An impressive sequel to Old Man's War (blogged here). John Scalzi imagines a future where intelligent life is plentiful in our neck of the galaxy; unfortunately, most of it is really pissed off at humanity and not shy about demonstrating it without remorse. Genetic bio-engineering, transfer of consciousness, computer/human interfaces, and nanotechnology are all highly developed, and all developed into awesome and awful war-fighting tools.
This book concentrates on the "Special Forces" of humanity's interstellar soldiers; they are mostly clones, created from the DNA of Earthlings who volunteered for duty, but kicked the bucket before actually getting to serve. (Hence the term "Ghost Brigades") One exception is the hero: Jared Dirac, a clone of an apparent traitor to humanity, scientist Charles Boutin. Dirac gets a download of Boutin's consciousness in an attempt by higher-ups to get clues about what Boutin's up to; this doesn't appear to work, so Dirac goes right into the Special Forces. But then…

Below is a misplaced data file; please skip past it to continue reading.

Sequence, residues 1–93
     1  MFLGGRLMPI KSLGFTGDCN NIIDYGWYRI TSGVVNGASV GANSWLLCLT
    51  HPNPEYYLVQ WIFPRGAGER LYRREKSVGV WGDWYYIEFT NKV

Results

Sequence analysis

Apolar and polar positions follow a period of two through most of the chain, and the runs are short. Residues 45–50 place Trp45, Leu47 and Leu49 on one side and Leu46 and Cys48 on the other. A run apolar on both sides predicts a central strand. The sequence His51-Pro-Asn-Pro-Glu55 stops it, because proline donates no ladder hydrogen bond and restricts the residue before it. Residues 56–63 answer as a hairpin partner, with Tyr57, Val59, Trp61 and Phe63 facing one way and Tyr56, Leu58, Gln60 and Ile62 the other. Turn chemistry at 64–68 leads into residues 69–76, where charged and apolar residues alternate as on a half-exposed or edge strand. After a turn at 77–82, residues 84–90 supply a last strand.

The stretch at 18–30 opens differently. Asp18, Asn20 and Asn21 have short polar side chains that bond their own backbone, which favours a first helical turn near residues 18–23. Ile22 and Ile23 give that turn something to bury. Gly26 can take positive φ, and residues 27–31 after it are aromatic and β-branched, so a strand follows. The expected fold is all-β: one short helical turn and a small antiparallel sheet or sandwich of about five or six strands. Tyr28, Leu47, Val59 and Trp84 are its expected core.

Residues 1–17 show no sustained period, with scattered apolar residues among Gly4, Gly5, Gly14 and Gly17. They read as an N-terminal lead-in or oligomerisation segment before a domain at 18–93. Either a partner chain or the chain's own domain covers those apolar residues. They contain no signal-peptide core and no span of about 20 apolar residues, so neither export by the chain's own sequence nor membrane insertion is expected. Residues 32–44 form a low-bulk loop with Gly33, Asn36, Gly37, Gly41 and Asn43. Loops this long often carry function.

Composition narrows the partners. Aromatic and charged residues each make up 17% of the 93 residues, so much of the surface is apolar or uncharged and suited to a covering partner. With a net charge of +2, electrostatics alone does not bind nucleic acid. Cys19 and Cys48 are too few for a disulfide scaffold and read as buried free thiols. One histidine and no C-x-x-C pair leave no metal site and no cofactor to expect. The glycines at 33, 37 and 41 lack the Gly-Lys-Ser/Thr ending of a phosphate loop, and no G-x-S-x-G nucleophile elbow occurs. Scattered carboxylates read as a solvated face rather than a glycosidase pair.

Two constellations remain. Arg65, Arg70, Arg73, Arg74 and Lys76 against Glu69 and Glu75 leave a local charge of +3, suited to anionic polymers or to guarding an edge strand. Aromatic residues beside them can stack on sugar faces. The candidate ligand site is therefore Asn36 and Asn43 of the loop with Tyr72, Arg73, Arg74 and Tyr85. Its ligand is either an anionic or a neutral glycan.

Scalzi continues to write wonderfully Heinleinesque prose, in service of a great yarn. I don't read much science fiction any more, but I've gone ahead and ordered the next book in the series (The Last Colony) and it will go near the top of my depressingly tall (and fortunately virtual) to-be-read pile. There was a Last Colony preview at the end of this book, so I know that the hero of Old Man's War, John Perry, will return; he's only mentioned in passing here.
[Update: just noticed, nearly six years after posting, that I misspelled Scalzi's title The Last Colony as The Lost Colony. Don't know why I did that, fixed in 2015.]